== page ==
Archive for August, 2011

Today’s headlines – August 25, 2011

Good morning! Today’s early morning highlights from the major news organizations, including reports about a new Congressional Budget Office report and the usually unlikely assumptions it makes — including the end of Medicare physician payment fixes.

The Washington Post: Budget Deficit To Hit $1.3 Trillion This Year, Congressional Analysts Report
The nonpartisan Congressional Budget Office says that revenue, coupled with the debt-reduction deal signed into law this month by President Obama, would cut projected deficits by $3.3 trillion, or nearly half, over the next 10 years. But that reduction will be realized only if lawmakers allow a series of tax cuts and other temporary revenue measures to expire. The prospect of that happening is considered dicey by many analysts, given the divisive political environment in Washington. The laws in question include … cuts in Medicare payment rates to doctors ( Fletcher, 8/24).

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Thursday, August 25th, 2011

Caveat Emptor: New Budget Projections Assume End Of ‘Doc Fixes’

Updated at on Aug. 25 at 3:48 p.m.

New figures released by the Congressional Budget Office today include a budget assumption that almost never comes true:  The imposition of steep Medicare cuts for physicians.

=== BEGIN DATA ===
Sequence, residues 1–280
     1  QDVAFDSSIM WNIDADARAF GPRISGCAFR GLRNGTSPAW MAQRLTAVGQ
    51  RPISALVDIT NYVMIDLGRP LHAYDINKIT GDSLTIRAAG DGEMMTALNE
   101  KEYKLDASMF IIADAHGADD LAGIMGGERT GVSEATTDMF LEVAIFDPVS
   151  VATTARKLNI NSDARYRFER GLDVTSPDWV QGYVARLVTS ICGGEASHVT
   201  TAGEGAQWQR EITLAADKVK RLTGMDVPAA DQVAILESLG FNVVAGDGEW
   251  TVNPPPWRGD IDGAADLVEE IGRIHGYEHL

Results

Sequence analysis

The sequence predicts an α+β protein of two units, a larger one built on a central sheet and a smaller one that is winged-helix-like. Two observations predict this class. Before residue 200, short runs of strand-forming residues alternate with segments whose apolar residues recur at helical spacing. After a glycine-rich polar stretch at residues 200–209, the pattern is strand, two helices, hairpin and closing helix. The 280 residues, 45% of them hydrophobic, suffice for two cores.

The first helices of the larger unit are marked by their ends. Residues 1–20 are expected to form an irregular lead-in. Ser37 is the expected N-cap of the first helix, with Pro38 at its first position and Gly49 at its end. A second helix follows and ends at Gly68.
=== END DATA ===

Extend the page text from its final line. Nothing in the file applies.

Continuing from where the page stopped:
The CBO’s new baseline projections of the federal budget find reason to be hopeful, estimating that cumulative deficits will reach $3.5 trillion between 2012 and 2021 — a much shallower budget hole than the $6.7 trillion CBO projected in March. But that estimate – provided by the agency so that Congressional budget planners can work from a common set of numbers — assumes that sharp reductions in Medicare physician payment rates will go into place at the end of this year, since it is prescribed by current law.

Assuming Capitol Hill follows the past practice of stopping those scheduled cuts,  this fall lawmakers will not only be dealing with the debt deal’s “super committee” spending cuts – or lack thereof — but also be scrambling to find billions for another “doc fix.”

“As the CBO report shows, it is impossible to look at the federal budget in any serious way without acknowledging the budget hole that has been created by the broken Medicare physician payment formula,” AMA President Peter W. Carmel, M.D., wrote in an e-mail to KHN.  “As recently as 2005 the cost of permanent reform would have been $48 billion, but today it is estimated to be nearly $300 billion. If action is not taken now, the cost will continue to escalate to $500 billion in only a few short years.”